Wet Rain

Posted by Jeni in | 18 May 2017

Rain is pitter pattering on the sky light.

Emmy, in disgrace, is sitting on the armchair, having crunched her way through something.

I got out of the bean bag and saw a dead, bloody corpse.

Took my glasses off, put on yellow rubber gloves. Scraped the remains into a very big plastic bin bag and dumped it in the dust bin.

The bloody stain made me feel sick. All that bloody murdering on the telly is dealable with - tomato sauce makeup - but in real life. Yukkety yukkety yuck

One of the tree surgeons brought back the tray of empty mugs. For the past two days I've been giving them tea and biscuits. Four mugs with milk. Today there were five. Very nice young gents. Only to discover that the gaffer had tried to talk the neighbour out of it but couldn't make his point so an Oak Tree over 200 years old has been lopped and sawed, damaged and humiliated so that there is more light in their house. Our new neighbours are sweet, young people. But they have broken my heart, not to mention the tree.

Climbed into my little red car and drove to Tunbridge Wells Crematorium. The rain lashing down. A cliche. Parked by the chapel, then climbed back in to go to the crematorium. Lots and lots of people for a dear man who had touched our hearts.

Not much black garb, mostly normal colours. One poem and tears. 'Starry Starry Night' played as the coffin rolled in. Our man had jumped off Beachy Head so we had to leave out verse five of 'Amazing grace'. Speculation as to his motives abound. The favoured one is that he had lost his sight and could not come to terms with going blind. Tragic.

Everybody has a suicide story, it's not the kind of dinner party conversation I like. We adjourned to a pub where his baker son had made cookies and slabs of chewy cake.

It was a gentle affair. People who hadn't seen each other for years sat with coffee and G&T's to talk about him and honour his generosity and hidden kindness. I met a five week old baby, the daughter of an ex pupil of mine. She from a family of thespians who are all doing their stuff, including her. She's off to New York with her Olivier nominated performance. The nipper in tow.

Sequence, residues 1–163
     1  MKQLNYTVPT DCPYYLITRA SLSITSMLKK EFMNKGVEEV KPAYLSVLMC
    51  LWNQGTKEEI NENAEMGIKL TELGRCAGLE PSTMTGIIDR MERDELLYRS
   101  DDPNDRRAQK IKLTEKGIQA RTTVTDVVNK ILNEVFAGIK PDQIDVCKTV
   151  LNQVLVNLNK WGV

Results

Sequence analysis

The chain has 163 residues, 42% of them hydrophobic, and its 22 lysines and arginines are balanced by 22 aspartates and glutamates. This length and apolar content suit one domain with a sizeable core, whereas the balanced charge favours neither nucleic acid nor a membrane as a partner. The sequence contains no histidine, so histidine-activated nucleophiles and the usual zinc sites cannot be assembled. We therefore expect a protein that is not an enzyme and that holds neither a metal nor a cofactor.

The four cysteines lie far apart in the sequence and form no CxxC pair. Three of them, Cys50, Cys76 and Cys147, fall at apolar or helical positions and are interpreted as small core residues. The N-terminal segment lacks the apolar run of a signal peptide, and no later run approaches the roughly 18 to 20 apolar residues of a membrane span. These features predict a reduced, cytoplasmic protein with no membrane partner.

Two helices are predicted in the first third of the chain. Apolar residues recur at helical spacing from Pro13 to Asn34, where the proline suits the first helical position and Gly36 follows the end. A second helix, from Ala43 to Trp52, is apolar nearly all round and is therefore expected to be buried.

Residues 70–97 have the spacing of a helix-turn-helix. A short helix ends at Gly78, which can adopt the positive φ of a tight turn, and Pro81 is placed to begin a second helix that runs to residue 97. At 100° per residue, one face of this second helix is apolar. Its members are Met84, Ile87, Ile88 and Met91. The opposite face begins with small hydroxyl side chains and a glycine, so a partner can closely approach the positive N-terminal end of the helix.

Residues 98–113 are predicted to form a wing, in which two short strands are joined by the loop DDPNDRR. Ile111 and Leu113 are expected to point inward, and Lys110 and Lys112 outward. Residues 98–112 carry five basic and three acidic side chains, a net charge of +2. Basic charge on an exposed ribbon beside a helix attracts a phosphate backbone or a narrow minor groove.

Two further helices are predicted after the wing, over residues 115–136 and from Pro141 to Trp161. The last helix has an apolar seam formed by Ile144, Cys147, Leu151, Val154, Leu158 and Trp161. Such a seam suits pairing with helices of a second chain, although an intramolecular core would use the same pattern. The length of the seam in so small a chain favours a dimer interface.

As one goes out the door another one comes in.

The rain fell heavy on my car's roof. I got home in time for the news. But to tell you the truth the political arena stinks. Self serving politicians clawing their way up the greasy pole. And yet we must vote, we must be responsible. What with the Trumpeter from the Orange Lagoon, lying his way into the history books, I'll be glad when it' all over.

Emmy is sitting on the armchair without a care in the world. Cheeky puss....

Theres a lot been happening, health returning, new opportunities sprouting. The old man is in Richard the Third at the Arcola. The dawter is ready to launch her video and release her first EP, move into a Hackney warehouse and invite us round for quinoa. I'm writing when I'm not planting cauliflowers, courgettes, cucumbers and garlic.

This wet rain is very welcome. The smell of the earth, the plants drinking it up. And Emmy curls up on the armchair leaving a bird or mouse family parentless. If she were a dog I could call her a bitch, but she's an old cat who thought she was being kindly bringing me in an offering....

I was given a bunch of freesias on Sunday. They've all opened up. Smelling them makes my mouth water. Take that Emmy, next time bring me flowers.

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Posted by Jeni in Ad Infinitum | 26 April 2017

Poppy Pee Wee and Fred, I dare to blast my blog with my own political views because its my blog.

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June 8th.

Posted by Jeni in Ad Infinitum | 18 April 2017

Ive got the fear of the Devil, that if there is a snap election, the Tories will get in with a bigger mandate than before and we will see yet more dismantling of everything.

Schools will be taking lessons, in poly tunnels, in the fields of mouldy strawberries, as all the busy migrant workers have gone and the only people available to pick that soggy fruit are Brexiteers who haven't got their hands dirty since the Profumo affair.

Unless, of course, you are able to afford to send your entitled children to expensive tutors that will cram their heads full of economical facts and figures so they can enter the hallowed halls of the 164 - and soon to be more - grammar schools whose ethos is still clinging onto mortar boards and league tables.

Hospitals will be performing operations in the bowels of dwindling sick houses, unless, of course, you are able to afford private heath care that will only pay up when you are facing a double leg amputation and a tonsillectomy, and even then beware of any complimentary treatment because the rules don't allow for any kind of holistic approach. Even cemeteries are getting overcrowded as people are dying to get in.

Maternity units will be closed down, as untended gooseberry bushes and ancient storks will be hired to do the job whilst Russian landlords build luxury condos on the rubble of torn down community hospitals. Wealthy foreign nationals will purchase our assets. NOT your Syrian or Bulgarian kind of Johnny Foreigner mind you, only your friendly Oligarchs who make their money from selling arms to those nasty little Muslim countries, Sunni or not it's still a load of old Shiaite.